- “35% of the reported gastrointestinal illnesses among tap water drinkers were water related and preventable.” (CDC-Center for Disease and Control)
- Scientists believe that for every outbreak of gastrointestinal poisoning in the US, another 10 go unreported, and as many as 1 in 3 get chalked up to stomach flu.
- William K. Reilly, EPA administrator under the 1st Bush administration, classified drinking water contamination as one of the top 4 public health risks due to environmental problems.
- 560,000 people become ill each year from water.
- 10,700 bladder and rectal cancers may be associated with trihalomethanes (THMs) in water.
The National Resources Defense Council (NRDC) conducted a 4-year review of bottled water and the safety standards of the industry. They estimate that 25% or more of bottled water that we purchase is simply tap water. 22% of the brands that they tested contained contaminants above state health limits.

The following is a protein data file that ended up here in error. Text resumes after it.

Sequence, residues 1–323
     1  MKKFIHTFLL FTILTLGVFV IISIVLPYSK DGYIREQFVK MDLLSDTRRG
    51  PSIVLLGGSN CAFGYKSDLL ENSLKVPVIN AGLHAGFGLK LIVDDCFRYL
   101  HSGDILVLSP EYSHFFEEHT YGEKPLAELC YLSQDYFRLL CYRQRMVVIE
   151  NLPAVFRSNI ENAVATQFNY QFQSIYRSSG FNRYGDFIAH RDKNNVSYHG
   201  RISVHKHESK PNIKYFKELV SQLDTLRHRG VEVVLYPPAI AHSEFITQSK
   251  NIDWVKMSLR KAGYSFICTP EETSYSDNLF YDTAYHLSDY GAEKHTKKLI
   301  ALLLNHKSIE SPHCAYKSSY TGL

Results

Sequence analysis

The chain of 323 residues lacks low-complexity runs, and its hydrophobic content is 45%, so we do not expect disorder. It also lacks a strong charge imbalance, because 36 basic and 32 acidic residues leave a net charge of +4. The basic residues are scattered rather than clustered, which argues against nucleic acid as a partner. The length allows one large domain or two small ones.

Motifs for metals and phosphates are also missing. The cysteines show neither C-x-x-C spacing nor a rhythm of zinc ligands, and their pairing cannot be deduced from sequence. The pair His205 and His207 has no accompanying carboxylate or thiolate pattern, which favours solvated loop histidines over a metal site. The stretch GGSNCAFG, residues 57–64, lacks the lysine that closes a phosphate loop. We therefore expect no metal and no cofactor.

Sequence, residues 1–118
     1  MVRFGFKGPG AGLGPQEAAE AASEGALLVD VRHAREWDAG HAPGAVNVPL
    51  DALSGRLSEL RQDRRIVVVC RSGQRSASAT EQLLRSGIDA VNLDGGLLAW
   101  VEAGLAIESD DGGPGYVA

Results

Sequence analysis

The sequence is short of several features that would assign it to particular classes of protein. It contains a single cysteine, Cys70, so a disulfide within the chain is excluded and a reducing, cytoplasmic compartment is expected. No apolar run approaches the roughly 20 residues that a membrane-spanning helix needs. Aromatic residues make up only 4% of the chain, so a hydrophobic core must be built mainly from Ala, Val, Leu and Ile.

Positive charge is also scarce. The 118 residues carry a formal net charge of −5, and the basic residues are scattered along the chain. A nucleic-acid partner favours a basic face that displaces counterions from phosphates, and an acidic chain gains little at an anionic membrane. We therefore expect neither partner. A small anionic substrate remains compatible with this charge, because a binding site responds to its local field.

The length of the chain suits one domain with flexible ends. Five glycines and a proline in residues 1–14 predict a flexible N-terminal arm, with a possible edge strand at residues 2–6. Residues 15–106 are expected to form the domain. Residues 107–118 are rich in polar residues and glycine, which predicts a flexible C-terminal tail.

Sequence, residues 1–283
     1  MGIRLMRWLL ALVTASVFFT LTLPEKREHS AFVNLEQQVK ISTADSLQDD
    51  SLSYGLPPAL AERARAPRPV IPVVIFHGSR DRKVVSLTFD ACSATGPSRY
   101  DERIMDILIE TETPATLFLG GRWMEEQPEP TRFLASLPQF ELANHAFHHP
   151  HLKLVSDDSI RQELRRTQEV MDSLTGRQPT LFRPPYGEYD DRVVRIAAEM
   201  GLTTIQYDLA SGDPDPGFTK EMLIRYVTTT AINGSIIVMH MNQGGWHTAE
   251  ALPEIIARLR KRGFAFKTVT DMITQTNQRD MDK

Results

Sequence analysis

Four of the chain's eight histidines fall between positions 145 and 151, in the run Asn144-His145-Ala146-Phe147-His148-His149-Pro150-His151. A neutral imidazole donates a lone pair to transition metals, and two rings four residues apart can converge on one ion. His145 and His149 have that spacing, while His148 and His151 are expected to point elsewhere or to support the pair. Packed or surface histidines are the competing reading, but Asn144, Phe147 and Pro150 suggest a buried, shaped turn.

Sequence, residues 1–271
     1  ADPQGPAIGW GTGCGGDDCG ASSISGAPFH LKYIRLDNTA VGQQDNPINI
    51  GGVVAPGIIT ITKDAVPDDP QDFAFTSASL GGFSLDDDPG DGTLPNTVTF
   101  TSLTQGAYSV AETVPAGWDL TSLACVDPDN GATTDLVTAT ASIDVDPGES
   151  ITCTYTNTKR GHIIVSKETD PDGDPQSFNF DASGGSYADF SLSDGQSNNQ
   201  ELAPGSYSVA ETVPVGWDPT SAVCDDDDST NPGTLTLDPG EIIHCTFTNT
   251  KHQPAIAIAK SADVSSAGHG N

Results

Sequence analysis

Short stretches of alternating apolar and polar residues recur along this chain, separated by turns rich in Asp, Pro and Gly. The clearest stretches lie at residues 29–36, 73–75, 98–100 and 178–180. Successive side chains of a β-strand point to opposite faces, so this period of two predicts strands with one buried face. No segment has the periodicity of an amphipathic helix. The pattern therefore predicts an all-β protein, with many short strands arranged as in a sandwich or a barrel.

The Environmental Working Group (EWG) has done some extensive testing of bottled water purity. They detected 38 toxic pollutants in 10 leading brands, with each brand containing an average of 8.
The chemicals listed included fluoride, byproducts of chlorine disinfection, caffeine, pharmaceutical drugs, fertilizer, plasticizers, solvents, fuel propellants, arsenic, radioactive isotopes and heavy metals.
Four of these leading brands also contained bacteria.
More than a third of these chemicals are not regulated whatsoever in bottled water. Two thirds are regulated on a “voluntary” basis but some of the water tested contained known carcinogens that exceeded even those “voluntary” set limits.